This is what Hegge’s film She Said Boom works very hard to communicate.  By interviewing members of the band, their contemporaries, and their successors Hegge is able to contextualize The Fifth Column not just musically, but sociologically.  That The Fifth Column was so successful in their aesthetic fusion of punk music and film in giving voice to Toronto’s subculture tempts critics to draw a comparison between them and Warhol’s Exploding Plastic Inevitable.  Yet Hegge’s ignores this comparison wisely.  Primarily, one must assume, because at this point not only is a comparison with The Velvet Underground a cliché, but Hegge would be indicating a duplicate social structure of oppression at work in both New York of the mid-1960s and Toronto in the 1980s.  Admittedly there are similarities, but a comparison of this nature would negate the principal instigating factors at work in propelling The Fifth Column beyond the circuit of your “run of the mill” garage band.  Thus, Hegge is very successful in his portrait of The Fifth Column, their work, and their legacy.

The Fifth Column

She Said Boom is very liberal in its appropriation of footage of The Fifth Column members from their films and the films of their associates (Caroline Azar, Beverly Breckenridge, GB Jones and Bruce la Bruce).  Though this footage is compelling in how vividly it renders a time, a place, and an aesthetic, the very employment of footage in this way has become a tactic so often used by documentary filmmakers that it is becoming tiresome.  Between Andrew Solt’s Imagine: John Lennon (1988) and Don Letts’ Westway To The World (2000) this tactic was not nearly as prevalent.  However, Westway The World‘s syndication on MTV and VH1 over the following years have helped engrain this device into the very mechanics of what is popularly referred to as the “Rock-Doc”.  And this is a shame because of all the documentaries that utilize this tactic to this end She Said Boom has had some of the best archives of footage to pull from.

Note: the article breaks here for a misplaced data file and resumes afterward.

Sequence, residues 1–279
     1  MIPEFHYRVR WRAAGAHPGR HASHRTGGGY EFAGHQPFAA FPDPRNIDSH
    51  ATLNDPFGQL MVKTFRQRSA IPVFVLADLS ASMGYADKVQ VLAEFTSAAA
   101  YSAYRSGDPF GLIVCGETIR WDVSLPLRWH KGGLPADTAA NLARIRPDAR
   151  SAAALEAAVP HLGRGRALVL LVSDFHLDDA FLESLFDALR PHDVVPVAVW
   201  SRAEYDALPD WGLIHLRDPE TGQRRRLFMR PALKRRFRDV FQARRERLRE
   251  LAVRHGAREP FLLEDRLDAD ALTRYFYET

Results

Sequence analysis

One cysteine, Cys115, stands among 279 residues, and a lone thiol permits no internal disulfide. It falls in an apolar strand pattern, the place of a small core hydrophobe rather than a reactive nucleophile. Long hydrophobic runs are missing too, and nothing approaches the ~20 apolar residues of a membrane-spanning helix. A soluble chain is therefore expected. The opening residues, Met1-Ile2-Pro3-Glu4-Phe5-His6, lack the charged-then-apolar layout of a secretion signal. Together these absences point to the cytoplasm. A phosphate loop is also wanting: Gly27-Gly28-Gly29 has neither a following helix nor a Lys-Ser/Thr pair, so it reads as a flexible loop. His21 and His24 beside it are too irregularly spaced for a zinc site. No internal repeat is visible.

-Robert Curry

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Love & Mercy

In the last decade there have been a number of quality biographical films.  Always a popular genre with audiences, the biographical genre has always been a bankable contender for Academy Award nominations, for instance Bennett Miller’s Capote (2005).  That there has been room for innovation within this formulaic genre in the American mainstream is indicative of the influence of European film.  Todd Haynes’ I’m Not There (2007) bears the obvious influence of Peter Watkins’ Edvard Munch (1974) and Hans-Jurgen Syberberg’s Karl May (1974).  Steven Soderbergh’s Behind The Candelabra (2013) represents the less avant-garde approach to the genre, though it’s innovations are no less incredible due to the fact that it represents its homosexual subject in a vein that is as explicit as it is humanistic.  What Soderbergh and Haynes both employ, thus marking a new clear trend in the genre, is an abandonment of graphically portrayed lapses in time, such as a title card reading something like May 8th, 1914.  Until recently this has been a hallmark of the genre, exemplified by Lawrence Kasdan’s Wyatt Earp (1994) and Ava DuVernay’s Selma (2014), the antithesis to the aesthetic proposed by Haynes and Soderbergh.